Family Research Council vice
“At the heart of the attacks on sexual reorientation therapy are two claims– that such therapies are ineffective, and that they are harmful. However, there is abundant anecdotal evidence that such therapies work — that is, people who say that they were helped by such therapies to change from predominantly homosexual to predominantly heterosexual. There is also scientific evidence. The National Association for Research and Therapy of Homosexuality has cited ‘600 reports of clinicians, researchers, and former clients — primarily from professional and peer-reviewed scientific journals’ which show that ‘reorientation treatment has been helpful to many.’ The American Psychological Association (APA), under the sway of a small but influential pro-homosexual lobby, has criticized and discouraged (but never banned) reorientation therapy. Yet even the APA acknowledges that ‘participants reporting beneficial effects in some studies perceived changes to their sexuality, such as in their sexual orientation, gender identity, sexual behavior, [and/or] sexual orientation identity.” [snip] “
But what does the empirical evidence show? Not only did those who were exclusively homosexual not all remain so, but only 11% did. Some measure of change in sexual orientation—which many homosexual activists say is impossible, and never happens to anyone—is not only possible, but it is the norm for adolescents with same-sex attractions, having been experienced by 89% of the respondents only one year later.”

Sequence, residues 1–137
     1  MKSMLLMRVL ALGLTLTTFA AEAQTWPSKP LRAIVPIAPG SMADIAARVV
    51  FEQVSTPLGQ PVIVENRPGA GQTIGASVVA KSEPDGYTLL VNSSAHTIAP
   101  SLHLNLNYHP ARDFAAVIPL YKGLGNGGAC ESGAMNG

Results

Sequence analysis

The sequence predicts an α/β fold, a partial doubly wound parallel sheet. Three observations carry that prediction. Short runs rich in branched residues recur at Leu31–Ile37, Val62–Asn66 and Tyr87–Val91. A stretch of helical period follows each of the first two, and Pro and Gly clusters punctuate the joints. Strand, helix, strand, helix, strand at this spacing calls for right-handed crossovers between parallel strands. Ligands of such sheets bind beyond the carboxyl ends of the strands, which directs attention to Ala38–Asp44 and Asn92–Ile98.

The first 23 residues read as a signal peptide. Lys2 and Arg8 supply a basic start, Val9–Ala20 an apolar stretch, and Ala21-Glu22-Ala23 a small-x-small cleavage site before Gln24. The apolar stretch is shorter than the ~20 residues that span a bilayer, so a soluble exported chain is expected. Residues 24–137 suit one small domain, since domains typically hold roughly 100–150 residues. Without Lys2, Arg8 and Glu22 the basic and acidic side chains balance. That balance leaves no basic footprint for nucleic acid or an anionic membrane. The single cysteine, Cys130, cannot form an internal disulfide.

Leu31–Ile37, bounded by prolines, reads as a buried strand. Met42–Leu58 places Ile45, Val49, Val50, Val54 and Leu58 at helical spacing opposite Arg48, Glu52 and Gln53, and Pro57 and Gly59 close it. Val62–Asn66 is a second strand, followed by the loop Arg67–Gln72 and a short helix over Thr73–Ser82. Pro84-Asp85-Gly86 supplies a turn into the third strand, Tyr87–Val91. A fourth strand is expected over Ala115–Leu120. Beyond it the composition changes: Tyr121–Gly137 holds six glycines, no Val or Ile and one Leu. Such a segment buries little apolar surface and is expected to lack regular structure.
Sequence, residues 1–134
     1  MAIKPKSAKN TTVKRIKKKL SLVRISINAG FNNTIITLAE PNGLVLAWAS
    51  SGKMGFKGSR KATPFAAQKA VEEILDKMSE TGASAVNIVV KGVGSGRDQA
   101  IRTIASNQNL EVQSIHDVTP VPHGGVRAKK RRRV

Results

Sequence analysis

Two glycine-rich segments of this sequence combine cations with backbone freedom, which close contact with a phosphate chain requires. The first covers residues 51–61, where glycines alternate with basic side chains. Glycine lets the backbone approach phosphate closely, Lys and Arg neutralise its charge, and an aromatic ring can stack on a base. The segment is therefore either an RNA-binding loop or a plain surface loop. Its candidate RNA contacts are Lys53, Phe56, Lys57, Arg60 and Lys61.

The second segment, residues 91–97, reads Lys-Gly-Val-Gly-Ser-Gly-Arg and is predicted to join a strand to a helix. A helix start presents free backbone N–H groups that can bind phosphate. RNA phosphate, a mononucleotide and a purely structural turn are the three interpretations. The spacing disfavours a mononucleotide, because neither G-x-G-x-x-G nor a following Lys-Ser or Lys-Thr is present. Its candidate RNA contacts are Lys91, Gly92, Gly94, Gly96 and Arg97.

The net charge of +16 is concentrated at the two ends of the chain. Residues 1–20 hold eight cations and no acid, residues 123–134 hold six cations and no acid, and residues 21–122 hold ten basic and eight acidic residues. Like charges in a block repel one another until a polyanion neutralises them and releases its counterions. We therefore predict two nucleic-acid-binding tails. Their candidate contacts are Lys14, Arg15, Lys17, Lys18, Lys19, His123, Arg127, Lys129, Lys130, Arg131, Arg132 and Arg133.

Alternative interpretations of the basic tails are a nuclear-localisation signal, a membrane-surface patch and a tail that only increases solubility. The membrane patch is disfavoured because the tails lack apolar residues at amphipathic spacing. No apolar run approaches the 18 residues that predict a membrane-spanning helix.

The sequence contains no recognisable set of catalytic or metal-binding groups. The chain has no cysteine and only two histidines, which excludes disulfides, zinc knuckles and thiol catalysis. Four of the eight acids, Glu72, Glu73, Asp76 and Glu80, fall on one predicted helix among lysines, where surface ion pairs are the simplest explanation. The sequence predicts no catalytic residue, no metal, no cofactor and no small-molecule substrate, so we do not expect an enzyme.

While some pro-homosexual activists will concede that some measure of fluidity exists, they say that complete transformation—from exclusively homosexual to exclusively heterosexual—is not possible. Yet this kind of complete reversal of sexual orientation is exactly what was reported by almost half (48%) of the adolescent boys in this survey and again, after only one year. The last refuge of the homosexual activists in the face of this kind of evidence is to concede, “Well, yes, a person’s sexual orientation can change—but only by accident, not by trying to change it!” This is somewhat like saying, “Well, yes, obese people can lose weight—but not by trying to, and certainly not with anyone else’s help!
“There is abundant anecdotal evidence that such therapies work”?
The plural of anecdote is not data. Data is supported by evident, anecdotes are by definition subjective.
Just one of these hearings or when they have Sprigg on television as an “expert” I would like for someone to play the clip of Spriggs saying he would like to see homosexuals forcibly exported out of the U.S. or where he said he would like to see homosexuality made a criminal offense. And THEN ask him why he thinks he has ANY credibility on issues like this and smack the shit out of him.